The gut microbiome and inflammation in obsessive‐compulsive disorder patients compared to age‐ and sex‐matched controls: a pilot study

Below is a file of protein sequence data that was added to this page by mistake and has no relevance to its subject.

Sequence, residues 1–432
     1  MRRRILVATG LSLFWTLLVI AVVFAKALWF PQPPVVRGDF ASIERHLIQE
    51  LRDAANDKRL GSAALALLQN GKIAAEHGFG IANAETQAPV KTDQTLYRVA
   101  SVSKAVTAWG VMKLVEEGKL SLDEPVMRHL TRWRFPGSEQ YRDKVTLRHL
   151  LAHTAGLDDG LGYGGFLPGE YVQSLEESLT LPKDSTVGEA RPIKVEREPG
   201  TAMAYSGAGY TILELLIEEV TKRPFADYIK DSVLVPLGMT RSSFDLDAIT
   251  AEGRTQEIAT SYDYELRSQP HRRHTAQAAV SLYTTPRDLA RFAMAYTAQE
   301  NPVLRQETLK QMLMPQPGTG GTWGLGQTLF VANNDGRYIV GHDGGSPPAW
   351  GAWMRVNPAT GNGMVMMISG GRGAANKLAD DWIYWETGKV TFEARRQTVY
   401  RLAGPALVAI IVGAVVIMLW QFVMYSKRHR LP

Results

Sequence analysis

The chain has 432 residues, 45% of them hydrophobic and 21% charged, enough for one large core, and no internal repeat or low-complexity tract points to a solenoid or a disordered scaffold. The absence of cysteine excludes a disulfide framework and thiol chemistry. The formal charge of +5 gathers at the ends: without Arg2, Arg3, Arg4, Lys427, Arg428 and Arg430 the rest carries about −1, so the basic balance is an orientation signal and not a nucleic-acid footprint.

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OBJECTIVE: To compare the gut microbiome profile (by way of taxon analysis and indices of β- and α-diversity) and inflammatory markers (C-reactive protein [CRP], interleukin-6[IL-6] and tumour necrosis factor-α [TNF-α]) of obsessive-compulsive disorder (OCD) outpatients and non-psychiatric community controls. METHODS: We collected morning stool and blood samples from 21 non-depressed, medication-free OCD patients and 22 age- and sex-matched non-psychiatric community controls. Microbiota analysis was performed using Illumina sequencing of the V3 region of 16S rRNA; serum CRP samples were analysed using immunoturbidimetry and plasma IL-6/TNF-α were examined by high-sensitivity ELISA. Multiple comparisons were corrected for using the false discovery rate (α = 0.05). RESULTS: Compared to controls, the OCD group presented lower species richness/evenness (α-diversity, Inverse Simpson) and lower relative abundance of three butyrate producing genera (Oscillospira, Odoribacter and Anaerostipes). Compared to controls, mean CRP, but not IL-6 and TNF-α, was elevated OCD patients. CRP revealed moderate to strong associations with psychiatric symptomatology. CONCLUSION: To our knowledge, this is the first investigation of the gut microbiome in OCD. In addition, our findings lend further support for the potential association of inflammation and OCD. These results suggest the gut microbiome may be a potential pathway of interest for future OCD research.
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